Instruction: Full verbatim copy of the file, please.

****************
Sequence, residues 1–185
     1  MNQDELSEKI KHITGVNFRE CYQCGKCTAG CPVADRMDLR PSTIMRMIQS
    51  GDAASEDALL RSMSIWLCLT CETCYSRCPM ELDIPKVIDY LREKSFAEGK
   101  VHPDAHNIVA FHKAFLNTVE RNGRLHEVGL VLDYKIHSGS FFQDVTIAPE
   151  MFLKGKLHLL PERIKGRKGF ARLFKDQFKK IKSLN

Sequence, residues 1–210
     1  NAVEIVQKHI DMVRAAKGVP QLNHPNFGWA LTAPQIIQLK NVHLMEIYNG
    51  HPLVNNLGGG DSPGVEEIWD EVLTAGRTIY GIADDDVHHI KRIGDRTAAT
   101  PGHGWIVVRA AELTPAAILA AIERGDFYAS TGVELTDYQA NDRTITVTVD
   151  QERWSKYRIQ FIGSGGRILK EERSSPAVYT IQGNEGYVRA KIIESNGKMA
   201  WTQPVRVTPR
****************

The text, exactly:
Sequence, residues 1–185
     1  MNQDELSEKI KHITGVNFRE CYQCGKCTAG CPVADRMDLR PSTIMRMIQS
    51  GDAASEDALL RSMSIWLCLT CETCYSRCPM ELDIPKVIDY LREKSFAEGK
   101  VHPDAHNIVA FHKAFLNTVE RNGRLHEVGL VLDYKIHSGS FFQDVTIAPE
   151  MFLKGKLHLL PERIKGRKGF ARLFKDQFKK IKSLN

Sequence, residues 1–210
     1  NAVEIVQKHI DMVRAAKGVP QLNHPNFGWA LTAPQIIQLK NVHLMEIYNG
    51  HPLVNNLGGG DSPGVEEIWD EVLTAGRTIY GIADDDVHHI KRIGDRTAAT
   101  PGHGWIVVRA AELTPAAILA AIERGDFYAS TGVELTDYQA NDRTITVTVD
   151  QERWSKYRIQ FIGSGGRILK EERSSPAVYT IQGNEGYVRA KIIESNGKMA
   201  WTQPVRVTPR